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Go Long Mule

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Album Review

A wild romp through 18 tracks recorded during Uncle Dave Macon's heyday period of 1926 through 1934, Go Long Mule is uniformly strong if not exceptionally complete. These are some of the most vibrant examples of old-timey music likely to be found, with Macon charging through shouters like "I'm Goin' Away in the Morn" and "Sail Away Ladies," even literally stomping out the rhythms of "Way Down the Old Plank Road." Joined by the Fruit Jar Drinkers, the call and response of "Hold the Woodpile Down" and "Carve That Possum" are prime examples of the very best of early string band music. With pleas to abandon automobiles in favor of the horse and buggy, Macon's songs frequently make deceptively poignant statements about Depression-era America. He even slows the pace down for a few well-chosen ballads, occasionally displaying intricate banjo work for which he rarely gets sufficient credit. Overall, there may be better Macon sets on the market, but Go Long Mule is, nonetheless, a wildly enjoyable ride.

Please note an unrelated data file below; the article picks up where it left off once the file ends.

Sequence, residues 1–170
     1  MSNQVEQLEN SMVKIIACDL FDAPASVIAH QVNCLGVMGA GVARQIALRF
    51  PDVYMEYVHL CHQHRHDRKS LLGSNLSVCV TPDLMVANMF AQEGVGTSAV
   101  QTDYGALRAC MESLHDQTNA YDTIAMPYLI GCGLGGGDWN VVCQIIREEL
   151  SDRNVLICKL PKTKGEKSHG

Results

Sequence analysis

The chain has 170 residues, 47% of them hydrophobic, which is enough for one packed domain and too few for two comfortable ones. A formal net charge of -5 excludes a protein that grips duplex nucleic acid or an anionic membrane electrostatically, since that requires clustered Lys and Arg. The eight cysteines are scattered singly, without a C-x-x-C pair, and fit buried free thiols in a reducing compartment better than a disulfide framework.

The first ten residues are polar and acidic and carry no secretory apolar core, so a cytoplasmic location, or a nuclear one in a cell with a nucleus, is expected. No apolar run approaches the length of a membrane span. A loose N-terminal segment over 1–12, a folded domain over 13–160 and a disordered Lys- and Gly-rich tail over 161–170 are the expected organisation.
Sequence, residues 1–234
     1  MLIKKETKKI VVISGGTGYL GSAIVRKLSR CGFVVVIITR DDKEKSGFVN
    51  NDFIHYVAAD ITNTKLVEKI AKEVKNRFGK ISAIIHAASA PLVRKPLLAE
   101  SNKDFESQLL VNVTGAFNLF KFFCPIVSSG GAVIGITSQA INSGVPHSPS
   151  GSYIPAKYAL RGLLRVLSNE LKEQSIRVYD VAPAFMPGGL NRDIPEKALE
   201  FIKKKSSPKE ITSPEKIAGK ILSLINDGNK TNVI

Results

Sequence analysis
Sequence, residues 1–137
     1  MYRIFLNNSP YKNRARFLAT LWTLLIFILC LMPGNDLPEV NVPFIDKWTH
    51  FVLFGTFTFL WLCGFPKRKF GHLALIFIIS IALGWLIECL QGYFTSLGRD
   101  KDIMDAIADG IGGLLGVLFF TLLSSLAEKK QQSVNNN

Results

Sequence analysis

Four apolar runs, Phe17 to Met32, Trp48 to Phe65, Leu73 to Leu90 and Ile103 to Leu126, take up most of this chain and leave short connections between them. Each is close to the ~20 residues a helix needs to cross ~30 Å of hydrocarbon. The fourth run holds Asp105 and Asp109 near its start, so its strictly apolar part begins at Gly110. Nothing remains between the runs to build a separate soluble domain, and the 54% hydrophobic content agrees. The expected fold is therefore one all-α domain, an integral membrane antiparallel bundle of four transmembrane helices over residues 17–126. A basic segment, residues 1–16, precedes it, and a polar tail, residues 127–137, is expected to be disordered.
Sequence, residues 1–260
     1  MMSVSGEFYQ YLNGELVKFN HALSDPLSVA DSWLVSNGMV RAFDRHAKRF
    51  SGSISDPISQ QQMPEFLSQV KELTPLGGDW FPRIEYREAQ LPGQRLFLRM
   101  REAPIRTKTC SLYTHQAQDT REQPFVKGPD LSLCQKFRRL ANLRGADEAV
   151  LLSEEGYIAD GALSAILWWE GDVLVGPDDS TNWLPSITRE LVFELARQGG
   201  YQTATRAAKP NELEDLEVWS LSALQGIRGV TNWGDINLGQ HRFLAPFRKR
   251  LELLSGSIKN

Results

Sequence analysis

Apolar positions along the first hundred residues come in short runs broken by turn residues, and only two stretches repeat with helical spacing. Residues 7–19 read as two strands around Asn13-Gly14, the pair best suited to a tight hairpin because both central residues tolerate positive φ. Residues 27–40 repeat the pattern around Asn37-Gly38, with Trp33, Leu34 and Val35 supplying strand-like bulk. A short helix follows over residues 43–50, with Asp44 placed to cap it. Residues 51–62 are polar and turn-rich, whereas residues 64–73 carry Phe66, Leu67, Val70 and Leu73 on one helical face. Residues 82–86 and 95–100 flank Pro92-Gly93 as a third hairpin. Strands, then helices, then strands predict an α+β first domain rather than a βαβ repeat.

Biography

Born: 07 October 1870 in Smart Station, TN

Genre: Country

Years Active: '20s, '30s, '40s, '50s

Uncle Dave Macon, beginning his professional musical career after the age of 50, brought musical and performance traditions of the 19th-century South to the radio shows and the recording catalogues of the early country music industry. In 1925, he became one of two charter members of the Grand Ole Opry, then called the WSM Barn Dance. A consummate showman on the banjo and a one-man repository...
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